You win the Blue Ribbon for this amazing post. Thanks!
posted by Pecinpah at 9:36 AM on October 25, 2008


excellent post!
posted by madamjujujive at 11:32 AM on October 25, 2008


Based strictly on Wilkes' behavior and command style...

Imagine sailing a squadron of wooden ships tens of thousands of miles from home at the mercy of wind, wave, and weather; navigating with incomplete charts and maps, no radar, no GPS satellites, no radio, and no electrical power; expecting little or no hope of outside rescue in case of catastrophe; consuming and resupplying limited stocks of food, water, medicine, and supplies; controlling disgruntled officers and crewmen (however justified they were); confronting alien cultures (however arrogantly); and not knowing what might lie over the next horizon (or up the next river). Yet Wilkes returned safely with over 90% of his ships' company and a bounty of new knowledge that helped put America on the scientific map.

The results of the Ex. Ex. might have been far different if he hadn't been such a zealous, self-righteous, self-promoting SOB.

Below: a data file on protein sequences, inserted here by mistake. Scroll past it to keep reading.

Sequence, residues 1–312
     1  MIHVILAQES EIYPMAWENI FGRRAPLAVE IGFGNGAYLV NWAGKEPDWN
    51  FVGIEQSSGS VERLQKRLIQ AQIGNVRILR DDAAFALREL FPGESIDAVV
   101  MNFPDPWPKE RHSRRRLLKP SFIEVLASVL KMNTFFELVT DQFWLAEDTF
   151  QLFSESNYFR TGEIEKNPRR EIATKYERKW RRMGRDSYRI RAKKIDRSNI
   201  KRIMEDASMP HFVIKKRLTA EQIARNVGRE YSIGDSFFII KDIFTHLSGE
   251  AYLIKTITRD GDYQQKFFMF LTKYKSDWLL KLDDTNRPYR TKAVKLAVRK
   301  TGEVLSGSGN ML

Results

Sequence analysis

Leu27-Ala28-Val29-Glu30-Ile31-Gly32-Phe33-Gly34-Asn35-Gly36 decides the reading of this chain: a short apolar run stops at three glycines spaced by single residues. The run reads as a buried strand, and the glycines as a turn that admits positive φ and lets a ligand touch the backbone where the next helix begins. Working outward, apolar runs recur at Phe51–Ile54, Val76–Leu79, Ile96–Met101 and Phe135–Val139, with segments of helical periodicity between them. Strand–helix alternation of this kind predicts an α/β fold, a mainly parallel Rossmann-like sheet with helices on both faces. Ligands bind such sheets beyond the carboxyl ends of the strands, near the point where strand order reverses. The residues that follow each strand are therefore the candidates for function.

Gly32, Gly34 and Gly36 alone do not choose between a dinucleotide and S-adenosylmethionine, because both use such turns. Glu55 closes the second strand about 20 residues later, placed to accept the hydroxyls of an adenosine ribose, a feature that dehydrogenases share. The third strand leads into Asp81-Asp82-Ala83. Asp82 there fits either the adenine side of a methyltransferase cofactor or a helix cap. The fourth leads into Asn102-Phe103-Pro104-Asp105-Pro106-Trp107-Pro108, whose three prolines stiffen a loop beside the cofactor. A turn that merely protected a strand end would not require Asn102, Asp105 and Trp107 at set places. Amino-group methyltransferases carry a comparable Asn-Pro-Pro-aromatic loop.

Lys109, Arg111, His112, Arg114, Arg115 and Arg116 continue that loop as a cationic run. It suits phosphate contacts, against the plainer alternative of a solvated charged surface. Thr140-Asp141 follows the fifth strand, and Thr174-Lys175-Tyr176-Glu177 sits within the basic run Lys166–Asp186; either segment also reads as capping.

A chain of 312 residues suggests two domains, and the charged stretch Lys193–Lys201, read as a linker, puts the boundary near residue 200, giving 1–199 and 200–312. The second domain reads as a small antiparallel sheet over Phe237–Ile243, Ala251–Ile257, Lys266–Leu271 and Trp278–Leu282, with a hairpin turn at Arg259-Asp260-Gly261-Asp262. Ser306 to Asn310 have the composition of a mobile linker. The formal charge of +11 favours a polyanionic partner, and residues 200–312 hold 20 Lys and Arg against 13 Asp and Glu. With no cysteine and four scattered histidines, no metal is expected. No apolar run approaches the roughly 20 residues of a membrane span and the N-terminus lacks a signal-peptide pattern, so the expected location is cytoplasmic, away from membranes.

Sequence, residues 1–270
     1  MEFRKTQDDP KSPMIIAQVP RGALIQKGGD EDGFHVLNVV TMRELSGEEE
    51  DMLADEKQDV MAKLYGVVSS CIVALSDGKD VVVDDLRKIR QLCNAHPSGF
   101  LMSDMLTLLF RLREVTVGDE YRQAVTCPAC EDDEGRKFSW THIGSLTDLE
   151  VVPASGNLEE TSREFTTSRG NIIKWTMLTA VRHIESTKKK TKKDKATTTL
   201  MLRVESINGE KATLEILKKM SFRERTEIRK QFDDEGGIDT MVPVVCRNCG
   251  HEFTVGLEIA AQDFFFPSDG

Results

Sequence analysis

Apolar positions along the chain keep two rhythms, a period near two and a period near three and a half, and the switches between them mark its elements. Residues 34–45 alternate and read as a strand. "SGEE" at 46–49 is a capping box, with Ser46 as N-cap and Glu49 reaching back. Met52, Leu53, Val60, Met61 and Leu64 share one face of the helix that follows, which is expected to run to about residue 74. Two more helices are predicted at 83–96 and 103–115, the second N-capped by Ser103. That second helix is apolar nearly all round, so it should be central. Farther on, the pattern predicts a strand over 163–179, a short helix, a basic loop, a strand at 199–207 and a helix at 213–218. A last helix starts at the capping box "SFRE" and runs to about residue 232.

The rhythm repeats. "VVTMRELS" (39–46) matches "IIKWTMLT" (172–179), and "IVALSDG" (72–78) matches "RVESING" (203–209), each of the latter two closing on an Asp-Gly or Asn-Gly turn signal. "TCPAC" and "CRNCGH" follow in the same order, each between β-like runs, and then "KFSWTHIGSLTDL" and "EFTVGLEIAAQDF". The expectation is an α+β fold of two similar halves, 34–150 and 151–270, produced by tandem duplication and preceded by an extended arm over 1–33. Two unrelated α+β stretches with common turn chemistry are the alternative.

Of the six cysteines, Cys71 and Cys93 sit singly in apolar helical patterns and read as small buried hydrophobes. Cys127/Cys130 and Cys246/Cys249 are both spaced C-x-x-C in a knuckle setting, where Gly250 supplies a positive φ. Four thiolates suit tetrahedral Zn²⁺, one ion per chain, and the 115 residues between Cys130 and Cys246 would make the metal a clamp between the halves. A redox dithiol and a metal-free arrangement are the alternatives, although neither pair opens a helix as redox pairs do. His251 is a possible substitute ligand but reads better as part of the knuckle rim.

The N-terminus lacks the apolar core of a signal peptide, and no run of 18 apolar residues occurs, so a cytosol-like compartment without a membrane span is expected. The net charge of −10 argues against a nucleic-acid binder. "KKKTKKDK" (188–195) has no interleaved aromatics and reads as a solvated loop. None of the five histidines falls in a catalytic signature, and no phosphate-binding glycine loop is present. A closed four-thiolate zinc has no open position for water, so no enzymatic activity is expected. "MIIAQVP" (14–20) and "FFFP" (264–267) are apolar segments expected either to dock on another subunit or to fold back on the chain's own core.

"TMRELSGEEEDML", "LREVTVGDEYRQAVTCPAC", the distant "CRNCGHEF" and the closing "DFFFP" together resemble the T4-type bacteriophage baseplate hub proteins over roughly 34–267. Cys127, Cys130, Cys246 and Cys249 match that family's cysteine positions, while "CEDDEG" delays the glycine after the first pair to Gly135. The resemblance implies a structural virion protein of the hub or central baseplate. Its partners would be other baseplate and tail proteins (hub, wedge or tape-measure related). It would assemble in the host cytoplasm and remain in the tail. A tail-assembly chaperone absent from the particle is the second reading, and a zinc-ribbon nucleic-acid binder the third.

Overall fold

posted by cenoxo at 12:25 PM on October 25, 2008 [2 favorites]


Point taken, cenoxo. I'd probably get as far as Key West, fire everyone, and spend the rest of my life on the beach.
posted by Marisa Stole the Precious Thing at 12:34 PM on October 25, 2008


Hah. My elementary school was named after Capt. Wilkes. (The rest of the schools in the district were also named after various explorers of the region from that era.)
posted by hattifattener at 1:11 PM on October 25, 2008


In our world where companies come and go in weeks if not days, and everyone is in the quick-fix-instant-gratification-gotta-have-it-now mindset of modern life, it's impressive and sobering that these few hundred people left on a voyage where they:

a) did not know how long they would be gone
b) did not know what dangers they would face
c) did not know what they would find
and
d) did not even know if they would survive the trip.

The common (and, yes, uncommon) men of that era would sneer at us should they somehow pop out of a time warp and see the effete fools we have become.
posted by pjern at 1:27 PM on October 25, 2008


pjern, you remind me of this Shackleton advert he posted looking for his expedition crew.

posted by Busithoth at 2:07 PM on October 25, 2008 [2 favorites]


IIRC, the Ex Ex accidentally burned down one of the Galapagos.